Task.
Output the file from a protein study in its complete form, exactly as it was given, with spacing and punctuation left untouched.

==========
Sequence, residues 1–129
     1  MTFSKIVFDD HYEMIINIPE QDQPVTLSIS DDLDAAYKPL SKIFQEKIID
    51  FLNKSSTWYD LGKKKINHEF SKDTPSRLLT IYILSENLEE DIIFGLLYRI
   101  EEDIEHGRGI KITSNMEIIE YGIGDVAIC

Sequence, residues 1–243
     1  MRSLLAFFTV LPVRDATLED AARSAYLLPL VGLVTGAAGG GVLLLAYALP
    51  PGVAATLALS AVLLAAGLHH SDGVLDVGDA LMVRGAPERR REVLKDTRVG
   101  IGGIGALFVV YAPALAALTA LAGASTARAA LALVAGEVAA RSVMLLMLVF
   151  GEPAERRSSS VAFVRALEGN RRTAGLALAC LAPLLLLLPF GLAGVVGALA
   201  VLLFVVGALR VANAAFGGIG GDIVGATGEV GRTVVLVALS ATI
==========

Sequence, residues 1–129
     1  MTFSKIVFDD HYEMIINIPE QDQPVTLSIS DDLDAAYKPL SKIFQEKIID
    51  FLNKSSTWYD LGKKKINHEF SKDTPSRLLT IYILSENLEE DIIFGLLYRI
   101  EEDIEHGRGI KITSNMEIIE YGIGDVAIC

Sequence, residues 1–243
     1  MRSLLAFFTV LPVRDATLED AARSAYLLPL VGLVTGAAGG GVLLLAYALP
    51  PGVAATLALS AVLLAAGLHH SDGVLDVGDA LMVRGAPERR REVLKDTRVG
   101  IGGIGALFVV YAPALAALTA LAGASTARAA LALVAGEVAA RSVMLLMLVF
   151  GEPAERRSSS VAFVRALEGN RRTAGLALAC LAPLLLLLPF GLAGVVGALA
   201  VLLFVVGALR VANAAFGGIG GDIVGATGEV GRTVVLVALS ATI